President Donald Trump’s tweet started the New Year in Pakistan on a bad note. The tweet, early on New Year’s day, took off from where Trump had left in August last year, while outlining his administration’s Afghan policy in Fort Myer, Arlington.
He had earlier talked about “[changing] the approach in how to deal with Pakistan”, which was sheltering organisations that targeted Americans ‘every single day’, despite the fact that the US was paying it “billions and billions of dollars”. He urged Pakistan “to demonstrate its commitment to civilization, order, and peace”.
In the tweet, he took off from there and censured Pakistan for harbouring terrorists the US was hunting in Afghanistan, and rued that Pakistan had treated American leaders as fools and given them nothing but ‘lie and deceit’ in return for $33 billion over 15 years!
By this time, reports of US withholding $255 million from the FMF (foreign military funding) account, meant for providing military training and equipment to Pakistan, were already doing the rounds. Days later, on January 4, the state-department spokesperson, Heather Nauert, said the US government was also suspending ‘additional’ security assistance to Pakistan because despite sustained high-level engagement, it was not acting against the Taliban and the Haqqani group and providing them sanctuary inside its territory.
It was not entirely unexpected. Many Pakistanis had seen it coming. But there were optimists who had thought Trump’s praise for Pakistani efforts to rescue Caitlin Coleman, an American, her Canadian husband, Joshua Boyle, and their children from Taliban captivity in October would restore the lost rhythm in US-Pak relations. That was not to be. Some speculated that the US was hurt when Pakistan did not cooperate in granting access to the suspects apprehended after the rescue.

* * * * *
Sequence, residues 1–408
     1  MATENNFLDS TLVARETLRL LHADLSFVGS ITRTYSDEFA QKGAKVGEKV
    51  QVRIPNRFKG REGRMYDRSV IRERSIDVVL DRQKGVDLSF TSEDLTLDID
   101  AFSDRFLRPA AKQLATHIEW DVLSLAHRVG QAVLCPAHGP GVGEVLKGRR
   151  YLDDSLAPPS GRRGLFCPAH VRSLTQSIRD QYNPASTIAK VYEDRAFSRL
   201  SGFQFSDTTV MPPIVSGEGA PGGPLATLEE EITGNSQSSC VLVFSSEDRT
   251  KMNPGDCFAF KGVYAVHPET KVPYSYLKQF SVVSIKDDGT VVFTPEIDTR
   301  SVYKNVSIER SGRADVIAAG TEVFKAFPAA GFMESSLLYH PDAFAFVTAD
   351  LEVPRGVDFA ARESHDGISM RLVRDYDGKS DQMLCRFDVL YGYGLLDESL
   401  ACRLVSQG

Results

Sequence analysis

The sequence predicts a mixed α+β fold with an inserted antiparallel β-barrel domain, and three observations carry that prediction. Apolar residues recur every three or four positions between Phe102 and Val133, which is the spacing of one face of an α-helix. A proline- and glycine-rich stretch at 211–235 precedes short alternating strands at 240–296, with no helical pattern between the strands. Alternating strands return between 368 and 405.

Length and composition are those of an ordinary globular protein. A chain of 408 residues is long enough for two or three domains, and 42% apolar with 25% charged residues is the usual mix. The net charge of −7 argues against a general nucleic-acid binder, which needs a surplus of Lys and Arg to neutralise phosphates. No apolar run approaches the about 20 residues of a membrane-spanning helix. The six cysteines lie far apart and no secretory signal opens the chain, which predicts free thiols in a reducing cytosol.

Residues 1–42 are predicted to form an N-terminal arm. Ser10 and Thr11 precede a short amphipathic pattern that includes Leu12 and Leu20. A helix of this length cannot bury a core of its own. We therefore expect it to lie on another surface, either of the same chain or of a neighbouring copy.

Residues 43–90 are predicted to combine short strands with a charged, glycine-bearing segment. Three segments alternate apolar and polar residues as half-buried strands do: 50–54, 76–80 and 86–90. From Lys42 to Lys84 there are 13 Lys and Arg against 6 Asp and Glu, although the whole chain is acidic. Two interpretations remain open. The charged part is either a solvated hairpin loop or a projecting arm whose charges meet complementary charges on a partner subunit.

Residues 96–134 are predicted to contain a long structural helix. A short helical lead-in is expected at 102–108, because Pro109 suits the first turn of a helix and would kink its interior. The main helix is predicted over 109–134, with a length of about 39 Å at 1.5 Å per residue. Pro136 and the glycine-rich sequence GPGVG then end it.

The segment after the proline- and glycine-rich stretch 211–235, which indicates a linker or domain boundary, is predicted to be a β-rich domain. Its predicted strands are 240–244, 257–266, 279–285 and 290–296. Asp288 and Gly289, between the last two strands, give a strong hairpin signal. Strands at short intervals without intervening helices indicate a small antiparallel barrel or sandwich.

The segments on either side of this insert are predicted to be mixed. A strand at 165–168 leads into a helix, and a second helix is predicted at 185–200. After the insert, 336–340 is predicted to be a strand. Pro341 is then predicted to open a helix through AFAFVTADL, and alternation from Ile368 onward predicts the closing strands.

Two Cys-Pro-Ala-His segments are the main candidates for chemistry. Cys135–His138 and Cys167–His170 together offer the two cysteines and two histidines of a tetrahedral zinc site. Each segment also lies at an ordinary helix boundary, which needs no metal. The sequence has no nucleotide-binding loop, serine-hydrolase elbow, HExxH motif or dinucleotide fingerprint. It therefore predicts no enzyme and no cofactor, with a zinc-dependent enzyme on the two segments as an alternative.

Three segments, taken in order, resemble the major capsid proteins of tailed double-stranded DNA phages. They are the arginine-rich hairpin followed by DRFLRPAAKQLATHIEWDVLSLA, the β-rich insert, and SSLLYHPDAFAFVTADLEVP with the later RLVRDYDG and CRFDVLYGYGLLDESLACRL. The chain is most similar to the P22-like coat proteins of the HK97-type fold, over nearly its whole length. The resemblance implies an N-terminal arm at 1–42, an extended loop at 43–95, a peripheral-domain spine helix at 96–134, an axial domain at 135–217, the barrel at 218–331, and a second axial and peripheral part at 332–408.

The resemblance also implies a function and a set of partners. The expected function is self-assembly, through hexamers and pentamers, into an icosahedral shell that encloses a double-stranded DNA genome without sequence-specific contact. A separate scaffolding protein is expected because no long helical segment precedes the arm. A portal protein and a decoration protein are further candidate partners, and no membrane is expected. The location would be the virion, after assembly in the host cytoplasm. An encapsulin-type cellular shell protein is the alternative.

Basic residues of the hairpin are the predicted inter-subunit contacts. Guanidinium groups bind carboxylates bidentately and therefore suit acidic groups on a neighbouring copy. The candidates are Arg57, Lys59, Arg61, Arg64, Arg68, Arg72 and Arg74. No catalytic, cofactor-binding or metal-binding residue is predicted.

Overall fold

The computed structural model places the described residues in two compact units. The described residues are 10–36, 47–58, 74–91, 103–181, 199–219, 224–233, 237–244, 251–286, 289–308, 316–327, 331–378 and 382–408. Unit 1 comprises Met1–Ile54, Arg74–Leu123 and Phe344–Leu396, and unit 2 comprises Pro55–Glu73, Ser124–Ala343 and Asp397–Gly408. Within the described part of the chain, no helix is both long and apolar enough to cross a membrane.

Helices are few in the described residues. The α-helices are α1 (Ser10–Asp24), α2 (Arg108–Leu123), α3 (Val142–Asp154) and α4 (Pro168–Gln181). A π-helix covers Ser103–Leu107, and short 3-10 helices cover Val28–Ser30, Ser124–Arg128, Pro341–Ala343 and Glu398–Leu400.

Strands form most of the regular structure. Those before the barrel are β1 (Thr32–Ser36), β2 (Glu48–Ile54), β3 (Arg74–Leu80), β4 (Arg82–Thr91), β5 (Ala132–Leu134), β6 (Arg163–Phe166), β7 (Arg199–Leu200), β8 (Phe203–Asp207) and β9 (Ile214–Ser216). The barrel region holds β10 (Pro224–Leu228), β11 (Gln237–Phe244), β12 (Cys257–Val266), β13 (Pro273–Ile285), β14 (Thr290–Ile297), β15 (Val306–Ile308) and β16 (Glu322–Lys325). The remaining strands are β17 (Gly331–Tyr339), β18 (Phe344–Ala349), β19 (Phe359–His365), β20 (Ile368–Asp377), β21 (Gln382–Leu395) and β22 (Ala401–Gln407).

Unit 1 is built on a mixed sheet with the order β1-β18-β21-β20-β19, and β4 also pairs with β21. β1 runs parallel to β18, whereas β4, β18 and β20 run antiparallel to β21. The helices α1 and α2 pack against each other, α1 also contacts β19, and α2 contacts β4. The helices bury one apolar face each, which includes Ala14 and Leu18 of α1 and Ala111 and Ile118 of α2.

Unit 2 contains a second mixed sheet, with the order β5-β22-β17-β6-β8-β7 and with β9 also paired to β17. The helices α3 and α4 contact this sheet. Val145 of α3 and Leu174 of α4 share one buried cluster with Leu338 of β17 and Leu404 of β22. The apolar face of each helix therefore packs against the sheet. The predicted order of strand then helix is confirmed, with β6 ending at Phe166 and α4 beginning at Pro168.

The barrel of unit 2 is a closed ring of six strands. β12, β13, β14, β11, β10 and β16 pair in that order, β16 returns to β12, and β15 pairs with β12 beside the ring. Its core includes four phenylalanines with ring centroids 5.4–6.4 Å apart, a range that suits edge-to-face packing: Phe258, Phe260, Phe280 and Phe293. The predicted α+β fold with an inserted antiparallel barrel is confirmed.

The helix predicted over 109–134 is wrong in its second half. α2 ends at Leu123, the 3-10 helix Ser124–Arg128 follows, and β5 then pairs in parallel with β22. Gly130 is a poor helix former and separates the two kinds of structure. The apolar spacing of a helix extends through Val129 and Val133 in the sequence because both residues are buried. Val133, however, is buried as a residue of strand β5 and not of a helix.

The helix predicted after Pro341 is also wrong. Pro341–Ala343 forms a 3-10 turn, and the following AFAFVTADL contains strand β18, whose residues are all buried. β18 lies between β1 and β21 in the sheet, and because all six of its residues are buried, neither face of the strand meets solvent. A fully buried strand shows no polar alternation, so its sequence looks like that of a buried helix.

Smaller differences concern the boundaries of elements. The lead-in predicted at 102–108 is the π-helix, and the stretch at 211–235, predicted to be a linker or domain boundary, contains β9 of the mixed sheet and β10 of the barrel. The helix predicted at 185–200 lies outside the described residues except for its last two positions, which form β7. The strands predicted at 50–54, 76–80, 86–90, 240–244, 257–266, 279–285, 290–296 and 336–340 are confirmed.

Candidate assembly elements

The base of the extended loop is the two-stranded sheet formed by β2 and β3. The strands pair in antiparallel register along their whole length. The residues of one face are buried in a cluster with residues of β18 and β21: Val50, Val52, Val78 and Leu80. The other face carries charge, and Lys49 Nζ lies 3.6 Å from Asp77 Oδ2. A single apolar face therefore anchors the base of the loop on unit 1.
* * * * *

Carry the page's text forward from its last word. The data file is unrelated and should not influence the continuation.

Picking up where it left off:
There was a precipitate, but not too insistent, mention of India in the discussions as an agent provocateur working the US continually up against Pakistan, and taking full advantage of the American dependence on India as a close partner to counter China in the emerging global strategic landscape.
The less informed and highly incendiary elements took to the streets under the banner of Difa-e-Council Pakistan, a conglomerate of right-wing religious groups allegedly herded together by the military years ago in a bid to mainstream them politically. They shouted anti-US and anti-Trump slogans and held placards calling Trump “a foolish old man” who did not know “how to deal with the world”.
Others held that Trump was left with little choice, because the previous Obama administration had already defined the US approach towards Pakistan. For two consecutive years, it had withheld part of the coalition-support-fund (CSF)-- $300 million in 2015 and $350 million in 2016, refusing to certify Pakistan’s action against the Haqqanis. This year too, $400 million is likely to be withheld by the Trump administration.
The state department spokesperson, nevertheless, clarified that the suspension was reversible, subject to Pakistan’s behaviour. Nauert’s warning that there would be additional suspension only means that the administration is determined to use military aid as a lever to pressurise Pakistan to take decisive action against the Taliban. There are still many optimists in Pakistan who hope that it would find a way of obliging the US by fulfilling its immediate demands and the relationship would swerve back to business as usual; after all the US has to work with Pakistan, if it was serious about fixing Afghanistan!